How Severance Pay Might Affect Your Surplus Income

Understanding the Impact of Severance Pay on Your Surplus Income

In the event of job loss during bankruptcy, you may be entitled to severance pay. As severance pay is a form of income, it could potentially influence your bankruptcy payments and surplus income calculations. This article aims to provide a comprehensive understanding of how severance pay might affect your surplus income.

Defining Surplus Income

Surplus income is a key component of the cost of filing bankruptcy. It’s essentially a payment you make based on your earnings during bankruptcy. The higher your income, the greater your required payment.

The computation of surplus income involves the following steps:

  1. Ascertain the total household income.
  2. Deduct allowable expenses like child support, medical expenses, and child care.
  3. Subtract a set amount (known as a threshold) based on the number of people in your household.

Every individual filing for bankruptcy must substantiate their income and expenses for a specific duration as determined by the length of the bankruptcy. For instance, a first-time bankrupt who will be bankrupt for nine months must declare their income for seven months.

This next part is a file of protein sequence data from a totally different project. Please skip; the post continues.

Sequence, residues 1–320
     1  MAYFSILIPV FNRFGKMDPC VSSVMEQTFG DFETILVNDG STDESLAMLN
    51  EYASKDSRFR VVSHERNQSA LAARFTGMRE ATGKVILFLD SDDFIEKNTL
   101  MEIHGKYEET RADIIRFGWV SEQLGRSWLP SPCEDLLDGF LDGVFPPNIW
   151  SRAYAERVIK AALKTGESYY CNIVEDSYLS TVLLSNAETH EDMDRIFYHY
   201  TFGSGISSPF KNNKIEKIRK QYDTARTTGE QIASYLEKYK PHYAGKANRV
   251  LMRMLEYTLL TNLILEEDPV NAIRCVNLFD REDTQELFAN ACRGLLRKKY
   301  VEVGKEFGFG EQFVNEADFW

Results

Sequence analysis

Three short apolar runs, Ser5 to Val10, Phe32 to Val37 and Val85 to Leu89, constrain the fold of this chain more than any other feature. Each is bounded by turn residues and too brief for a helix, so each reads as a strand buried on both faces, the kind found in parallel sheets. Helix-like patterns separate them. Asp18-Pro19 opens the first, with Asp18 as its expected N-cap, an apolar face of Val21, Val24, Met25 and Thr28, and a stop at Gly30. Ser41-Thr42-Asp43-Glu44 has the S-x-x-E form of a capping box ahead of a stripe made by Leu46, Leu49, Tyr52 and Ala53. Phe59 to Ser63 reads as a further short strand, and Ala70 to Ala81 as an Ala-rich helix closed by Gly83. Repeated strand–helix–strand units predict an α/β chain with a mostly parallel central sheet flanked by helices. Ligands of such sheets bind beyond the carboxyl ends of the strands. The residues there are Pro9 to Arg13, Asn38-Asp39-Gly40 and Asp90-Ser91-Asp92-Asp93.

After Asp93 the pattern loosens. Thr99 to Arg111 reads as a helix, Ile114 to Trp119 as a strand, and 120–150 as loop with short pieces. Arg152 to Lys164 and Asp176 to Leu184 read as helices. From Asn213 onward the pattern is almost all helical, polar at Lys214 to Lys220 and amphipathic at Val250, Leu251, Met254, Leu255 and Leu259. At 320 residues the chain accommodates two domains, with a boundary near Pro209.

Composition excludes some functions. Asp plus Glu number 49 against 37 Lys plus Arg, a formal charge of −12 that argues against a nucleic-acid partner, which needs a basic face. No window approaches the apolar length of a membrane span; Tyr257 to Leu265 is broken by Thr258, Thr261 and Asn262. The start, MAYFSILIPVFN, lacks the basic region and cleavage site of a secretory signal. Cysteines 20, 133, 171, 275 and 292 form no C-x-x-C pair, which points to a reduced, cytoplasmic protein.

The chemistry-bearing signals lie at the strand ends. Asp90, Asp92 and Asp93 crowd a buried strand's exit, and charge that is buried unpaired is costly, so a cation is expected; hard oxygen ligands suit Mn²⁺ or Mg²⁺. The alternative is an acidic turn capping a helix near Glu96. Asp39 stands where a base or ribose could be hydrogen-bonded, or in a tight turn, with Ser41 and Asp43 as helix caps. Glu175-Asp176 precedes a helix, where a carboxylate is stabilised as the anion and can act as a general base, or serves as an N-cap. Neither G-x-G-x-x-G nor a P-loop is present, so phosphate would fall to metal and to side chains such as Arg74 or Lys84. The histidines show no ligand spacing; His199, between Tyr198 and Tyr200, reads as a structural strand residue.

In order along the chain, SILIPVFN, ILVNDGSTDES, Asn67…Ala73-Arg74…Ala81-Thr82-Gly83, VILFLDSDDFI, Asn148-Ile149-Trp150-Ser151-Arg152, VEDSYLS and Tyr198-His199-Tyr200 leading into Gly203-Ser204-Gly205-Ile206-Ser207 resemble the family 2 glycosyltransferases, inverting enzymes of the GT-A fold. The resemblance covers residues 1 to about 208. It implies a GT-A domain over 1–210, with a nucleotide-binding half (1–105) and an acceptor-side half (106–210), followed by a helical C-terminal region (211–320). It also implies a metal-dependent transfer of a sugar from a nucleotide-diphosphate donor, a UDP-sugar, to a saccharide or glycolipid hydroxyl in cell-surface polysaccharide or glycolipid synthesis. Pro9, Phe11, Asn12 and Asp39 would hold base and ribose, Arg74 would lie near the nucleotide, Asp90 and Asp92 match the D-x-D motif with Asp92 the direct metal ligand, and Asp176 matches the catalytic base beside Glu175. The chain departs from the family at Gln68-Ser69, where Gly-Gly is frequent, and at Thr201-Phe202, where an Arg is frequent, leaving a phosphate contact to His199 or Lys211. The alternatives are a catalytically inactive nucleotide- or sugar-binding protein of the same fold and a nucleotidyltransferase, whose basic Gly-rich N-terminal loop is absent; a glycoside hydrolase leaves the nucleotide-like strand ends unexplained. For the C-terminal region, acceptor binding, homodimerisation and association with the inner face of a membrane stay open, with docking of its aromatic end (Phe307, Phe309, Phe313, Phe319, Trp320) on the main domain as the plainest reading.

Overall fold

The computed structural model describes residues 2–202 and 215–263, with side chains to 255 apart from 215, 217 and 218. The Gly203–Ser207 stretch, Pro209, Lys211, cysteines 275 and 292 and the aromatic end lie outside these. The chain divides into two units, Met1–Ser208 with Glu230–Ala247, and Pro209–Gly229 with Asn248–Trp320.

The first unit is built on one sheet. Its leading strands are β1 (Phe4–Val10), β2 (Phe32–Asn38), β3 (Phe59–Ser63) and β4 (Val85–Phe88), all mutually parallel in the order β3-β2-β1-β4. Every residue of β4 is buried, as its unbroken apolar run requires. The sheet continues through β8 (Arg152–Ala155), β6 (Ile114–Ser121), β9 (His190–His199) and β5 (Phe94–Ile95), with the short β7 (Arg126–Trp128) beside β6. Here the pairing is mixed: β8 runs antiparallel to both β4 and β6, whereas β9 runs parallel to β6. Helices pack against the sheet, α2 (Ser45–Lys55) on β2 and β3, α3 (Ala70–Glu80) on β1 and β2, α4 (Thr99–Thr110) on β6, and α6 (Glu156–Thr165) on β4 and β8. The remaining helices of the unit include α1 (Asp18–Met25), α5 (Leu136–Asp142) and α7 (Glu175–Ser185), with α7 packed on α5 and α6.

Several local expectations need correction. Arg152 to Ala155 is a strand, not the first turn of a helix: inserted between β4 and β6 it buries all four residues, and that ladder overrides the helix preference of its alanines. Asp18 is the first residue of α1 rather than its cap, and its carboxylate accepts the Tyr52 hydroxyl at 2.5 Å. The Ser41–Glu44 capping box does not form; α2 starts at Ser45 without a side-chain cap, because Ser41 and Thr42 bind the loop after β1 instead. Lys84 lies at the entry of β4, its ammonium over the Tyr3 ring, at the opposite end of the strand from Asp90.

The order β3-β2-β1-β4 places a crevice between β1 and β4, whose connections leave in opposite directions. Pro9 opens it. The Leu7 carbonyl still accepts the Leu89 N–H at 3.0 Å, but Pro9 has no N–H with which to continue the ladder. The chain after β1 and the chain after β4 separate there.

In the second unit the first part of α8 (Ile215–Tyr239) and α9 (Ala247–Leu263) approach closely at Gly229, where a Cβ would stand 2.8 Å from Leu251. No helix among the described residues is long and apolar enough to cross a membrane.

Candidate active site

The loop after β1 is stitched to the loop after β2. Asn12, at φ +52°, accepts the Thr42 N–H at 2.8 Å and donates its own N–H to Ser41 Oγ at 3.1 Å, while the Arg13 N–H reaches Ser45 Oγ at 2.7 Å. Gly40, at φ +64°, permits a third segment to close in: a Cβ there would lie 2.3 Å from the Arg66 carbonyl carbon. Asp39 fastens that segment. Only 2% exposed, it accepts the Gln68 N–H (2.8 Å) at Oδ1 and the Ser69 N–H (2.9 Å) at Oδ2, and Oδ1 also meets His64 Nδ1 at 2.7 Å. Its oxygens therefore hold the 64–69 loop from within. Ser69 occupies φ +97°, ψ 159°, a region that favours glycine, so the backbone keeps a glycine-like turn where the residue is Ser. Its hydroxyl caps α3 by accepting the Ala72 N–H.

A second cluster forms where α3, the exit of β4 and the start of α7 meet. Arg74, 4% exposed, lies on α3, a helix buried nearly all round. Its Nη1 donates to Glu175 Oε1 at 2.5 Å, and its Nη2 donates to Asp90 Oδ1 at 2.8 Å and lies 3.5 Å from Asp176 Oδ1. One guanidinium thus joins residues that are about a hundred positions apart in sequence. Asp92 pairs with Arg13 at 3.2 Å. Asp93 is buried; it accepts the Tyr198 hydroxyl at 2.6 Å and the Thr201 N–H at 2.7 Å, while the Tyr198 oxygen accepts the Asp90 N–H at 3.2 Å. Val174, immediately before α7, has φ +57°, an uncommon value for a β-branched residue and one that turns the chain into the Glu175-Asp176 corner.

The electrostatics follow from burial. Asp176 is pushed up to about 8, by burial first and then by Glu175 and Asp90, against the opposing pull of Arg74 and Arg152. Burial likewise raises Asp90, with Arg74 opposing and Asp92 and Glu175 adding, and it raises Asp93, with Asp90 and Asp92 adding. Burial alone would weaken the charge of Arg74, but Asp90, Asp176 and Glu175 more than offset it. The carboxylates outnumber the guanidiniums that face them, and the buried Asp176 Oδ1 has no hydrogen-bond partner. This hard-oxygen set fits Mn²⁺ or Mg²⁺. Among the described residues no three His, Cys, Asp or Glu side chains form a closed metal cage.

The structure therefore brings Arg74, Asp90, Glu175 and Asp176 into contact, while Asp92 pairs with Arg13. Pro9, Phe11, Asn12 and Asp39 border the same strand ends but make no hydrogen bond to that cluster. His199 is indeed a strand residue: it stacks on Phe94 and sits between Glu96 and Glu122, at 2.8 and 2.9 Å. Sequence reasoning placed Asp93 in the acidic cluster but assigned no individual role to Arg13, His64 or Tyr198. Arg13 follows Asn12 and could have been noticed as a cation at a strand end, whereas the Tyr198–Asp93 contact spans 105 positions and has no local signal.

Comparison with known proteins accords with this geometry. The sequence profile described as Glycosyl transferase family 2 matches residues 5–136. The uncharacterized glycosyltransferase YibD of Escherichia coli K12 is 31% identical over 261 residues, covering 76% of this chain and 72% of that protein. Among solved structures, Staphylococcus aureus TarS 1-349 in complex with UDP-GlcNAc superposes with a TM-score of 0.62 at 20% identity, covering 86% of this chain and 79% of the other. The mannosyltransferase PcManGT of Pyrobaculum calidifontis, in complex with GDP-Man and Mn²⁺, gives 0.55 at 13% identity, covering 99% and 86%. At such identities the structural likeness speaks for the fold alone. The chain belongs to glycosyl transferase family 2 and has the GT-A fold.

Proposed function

A person’s net income (after eligible deductions) is compared against the income threshold set by the Office of the Superintendent of Bankruptcy. Half of the ‘surplus’ must be paid into your bankruptcy.

Delving into the Relationship Between Severance Pay and Bankruptcy

Severance pay is regarded as income in a bankruptcy context, though its treatment depends on the specific circumstances.

Severance pay generally comes as a lump sum, which might trigger potential surplus income even if none was payable before. However, the situation changes if the severance pay is due to job loss, as it also affects the ‘waiting period’ for Employment Insurance (EI). If proof of your waiting period is provided to your trustee, your severance payment can be spread out over the waiting period, reducing the ‘monthly’ income you report. Depending on the size of your severance pay, this might be enough to lower your monthly income below the surplus income limit.

However, if you secure a new job during the period of surplus income computation, both your severance pay and new salary must be reported as income. This might trigger a potential surplus income payment even if your salary alone wouldn’t have done so.

If you’re contemplating bankruptcy and have queries regarding a potential severance payout during that period, it’s crucial to consult an experienced bankruptcy trustee prior to filing.

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